Credit rating downgrade possible after the Games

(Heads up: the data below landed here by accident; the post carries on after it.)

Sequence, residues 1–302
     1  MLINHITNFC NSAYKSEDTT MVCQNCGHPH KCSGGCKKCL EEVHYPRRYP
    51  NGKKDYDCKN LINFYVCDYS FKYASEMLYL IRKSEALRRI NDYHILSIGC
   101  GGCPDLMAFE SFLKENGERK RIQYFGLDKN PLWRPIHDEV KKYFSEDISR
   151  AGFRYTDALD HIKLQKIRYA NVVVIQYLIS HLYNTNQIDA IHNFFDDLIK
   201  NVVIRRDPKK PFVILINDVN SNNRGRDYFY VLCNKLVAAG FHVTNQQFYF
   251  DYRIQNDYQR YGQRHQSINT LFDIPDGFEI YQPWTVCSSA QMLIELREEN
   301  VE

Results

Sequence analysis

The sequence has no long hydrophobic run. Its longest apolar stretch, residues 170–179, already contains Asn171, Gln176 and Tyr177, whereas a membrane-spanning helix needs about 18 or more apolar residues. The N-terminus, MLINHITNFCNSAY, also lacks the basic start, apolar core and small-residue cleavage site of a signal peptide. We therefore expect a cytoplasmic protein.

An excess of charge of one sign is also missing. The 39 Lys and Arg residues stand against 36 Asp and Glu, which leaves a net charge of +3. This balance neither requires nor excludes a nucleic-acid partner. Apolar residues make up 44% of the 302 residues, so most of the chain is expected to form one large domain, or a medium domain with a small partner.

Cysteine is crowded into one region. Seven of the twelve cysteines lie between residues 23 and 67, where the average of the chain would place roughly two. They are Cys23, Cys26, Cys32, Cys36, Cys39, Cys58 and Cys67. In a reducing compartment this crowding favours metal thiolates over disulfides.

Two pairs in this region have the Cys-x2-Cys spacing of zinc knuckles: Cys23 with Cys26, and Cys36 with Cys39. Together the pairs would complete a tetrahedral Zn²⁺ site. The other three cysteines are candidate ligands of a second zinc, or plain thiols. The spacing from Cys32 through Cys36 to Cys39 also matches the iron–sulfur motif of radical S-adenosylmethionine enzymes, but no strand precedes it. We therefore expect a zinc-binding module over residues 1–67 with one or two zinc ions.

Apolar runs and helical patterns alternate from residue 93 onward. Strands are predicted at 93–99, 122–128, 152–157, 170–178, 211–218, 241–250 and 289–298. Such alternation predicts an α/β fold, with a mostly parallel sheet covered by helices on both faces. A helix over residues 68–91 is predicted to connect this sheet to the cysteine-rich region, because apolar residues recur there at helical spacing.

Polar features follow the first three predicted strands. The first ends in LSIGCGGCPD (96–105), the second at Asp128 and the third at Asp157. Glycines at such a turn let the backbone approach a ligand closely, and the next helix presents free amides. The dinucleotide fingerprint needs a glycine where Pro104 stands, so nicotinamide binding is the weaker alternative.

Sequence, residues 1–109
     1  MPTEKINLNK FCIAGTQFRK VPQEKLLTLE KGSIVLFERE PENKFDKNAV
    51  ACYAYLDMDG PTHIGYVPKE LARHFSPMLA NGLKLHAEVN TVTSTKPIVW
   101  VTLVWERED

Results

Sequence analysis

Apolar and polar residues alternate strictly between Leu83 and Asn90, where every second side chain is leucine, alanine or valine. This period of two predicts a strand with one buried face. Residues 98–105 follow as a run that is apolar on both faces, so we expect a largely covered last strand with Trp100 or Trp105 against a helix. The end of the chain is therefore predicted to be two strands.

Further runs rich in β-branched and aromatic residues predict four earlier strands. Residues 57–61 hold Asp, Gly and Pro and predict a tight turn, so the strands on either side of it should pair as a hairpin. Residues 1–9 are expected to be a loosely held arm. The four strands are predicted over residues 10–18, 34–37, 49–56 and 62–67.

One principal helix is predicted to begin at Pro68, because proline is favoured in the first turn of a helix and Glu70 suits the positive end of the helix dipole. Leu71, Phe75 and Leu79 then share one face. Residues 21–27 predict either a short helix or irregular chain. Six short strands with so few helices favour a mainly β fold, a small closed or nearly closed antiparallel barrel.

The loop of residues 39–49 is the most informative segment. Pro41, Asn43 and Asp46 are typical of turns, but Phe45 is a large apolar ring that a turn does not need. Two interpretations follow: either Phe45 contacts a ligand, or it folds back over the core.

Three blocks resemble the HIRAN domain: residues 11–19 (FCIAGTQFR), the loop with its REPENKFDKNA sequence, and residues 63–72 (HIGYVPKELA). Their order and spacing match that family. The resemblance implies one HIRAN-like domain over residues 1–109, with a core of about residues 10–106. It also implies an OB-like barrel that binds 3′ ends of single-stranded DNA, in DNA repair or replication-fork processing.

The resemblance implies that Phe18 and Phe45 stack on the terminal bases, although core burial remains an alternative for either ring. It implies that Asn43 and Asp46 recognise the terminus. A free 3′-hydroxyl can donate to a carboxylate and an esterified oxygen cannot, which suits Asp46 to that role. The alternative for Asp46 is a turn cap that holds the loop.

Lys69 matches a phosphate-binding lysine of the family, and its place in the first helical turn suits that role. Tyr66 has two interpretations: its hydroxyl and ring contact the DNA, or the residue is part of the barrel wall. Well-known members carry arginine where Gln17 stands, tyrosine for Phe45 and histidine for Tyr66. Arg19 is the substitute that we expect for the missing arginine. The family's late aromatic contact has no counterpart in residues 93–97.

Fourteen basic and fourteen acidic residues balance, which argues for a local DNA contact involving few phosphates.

The successful hosting of the 2004 Olympic Games may indeed open a new chapter for the Greek economy, enabling it to reap the benefits of substantial investments in the years to come. But in the short run, it may have to contend with some bad news, including a possible credit rating downgrade on the back of continued fiscal laxity. This means the conservative government has no option but to announce its economic plans and start doling out the medicine as soon as possible if it wants to avoid turning a short-term slump into a medium-term problem, depriving the economy of the benefits of the 2004 Olympics. The win of the conservative New Democracy party in early March was greeted with enthusiasm by many who wanted a strong government committed to politically painful structural economic reforms. This enthusiasm waned a bit after it became clear the new government had other priorities, mainly the unification talks about Cyprus and the island’s smooth accession to the EU, a comfortable win in the elections for the European Parliament in June and, most importantly, the success of the Olympic Games. Economic initiatives were limited to promoting budgetary transparency and paved the way for a more restrictive incomes and fiscal policy for 2005 and beyond. Looking back, there is no doubt that the government did pretty well on all these fronts with the possible exception of the talks for the unification of Cyprus. Even though the government’s strategy appears to have paid off politically, it has done little to reverse a worrisome trend in public finances which threatens the sustainability of high GDP growth rates in the post-Olympics era. Forced to cope with higher-than-expected costs, partially related to the Olympic Games and a large amount of maturing debt, the State borrowed extra billions of euros in the first half, driving the debt of the central government to 195.7 billion euros at the end of June with cash reserves standing at some 4.2 billion euros. It should be noted, however, that the decision to borrow an extra amount of money was also influenced by the prevailing low interest rates and the need for cash to cope with any unforeseen costs related to the Olympic Games. The 2003 budget deficit is expected to be revised higher to about 4.0 percent of GDP from an estimated 1.7 percent by the previous Socialist administration, and a revised 3.2 percent by the current government. This year’s budget deficit is looking set to outpace even that, exceeding easily the 4.0 percent of GDP mark. The significant deterioration in Greek public finances has already caught the attention of well-known banks, credit rating agencies and international organizations, some of which are sending their delegations to Athens to discuss developments with the Greek government in the next couple of weeks or so. Already, Standard & Poor’s has made it clear that «delays in the implementation of structural reforms or significant fiscal slippage could pressure the ratings.» Greece is rated «A+» by S&P with a stable outlook. Preserving this rating, the lowest in the eurozone, and even upgrading is very important for the country as it affects the yields of its medium-to-long-term debt instruments and therefore its cost of borrowing. Olympics cost overruns along with demands from civil servants, police and others to be paid an extra amount of some 2,500 euros per person as an «Olympic bonus» has definitely contributed to the projected widening of the budget deficit this year and last, prompting the country to borrow some 40 billion euros according to S&P estimates, versus an amount of some 26.3 billion initially budgeted by the previous Socialist government in 2004. However, it would be incorrect to blame these cost overruns for Greece’s budgetary imbalances. After all, it would have been relatively easy for Greece to completely reverse the trend and grow out of its fiscal problem counting on sizable EU inflows along the way next year when these costs will not be present. Unfortunately, they are not. Greece’s fiscal problem runs deeper and goes beyond cost overruns linked to the Olympics. Greece’s impressive fiscal consolidation from 1994 onward relied heavily on the significant reduction of interest rates as the country pursued its EU dream and on the historically low euro interest rates later on. This development produced large savings for the budget in interest payments, boosted economic growth and brought in even more tax revenues. The closing of numerous tax loopholes also widened the tax base and helped fill state coffers with more money while it provided consecutive Greek governments with the means to hire more civil servants and pay higher salaries and pensions to civil servants to win over votes. The Greek economy though cannot count on lower interest payments any longer to reduce the budget deficit. With euro interest rates at historically low levels, the chances are Greece will have to pay a higher interest bill when euro interest rates start heading higher. Adverse demographics do not help either, while projections for slower GDP growth make things more challenging on the revenue side. This means the conservative government has no option but to limit primary spending growth over a number of years, an unpopular measure in a country with an excessive number of civil servants and greater public sector employees, if it is serious about correcting fiscal imbalances in the medium term. Government officials frequently refer to cutting waste in the public sector as a means of tackling the budget deficit and cutting the public debt-to-GDP ratio. This is definitely more politically convenient and easier to say than taking action to limit the growth of primary spending which is the main source of Greece’s fiscal imbalances. The government will have to make some moves in this direction at the same time it tries to take tax measures and others to make the Greek economy more competitive, and the sooner it does it, the better. To this extent, a jolt, such as a credit downgrade, may be what is needed to get things going.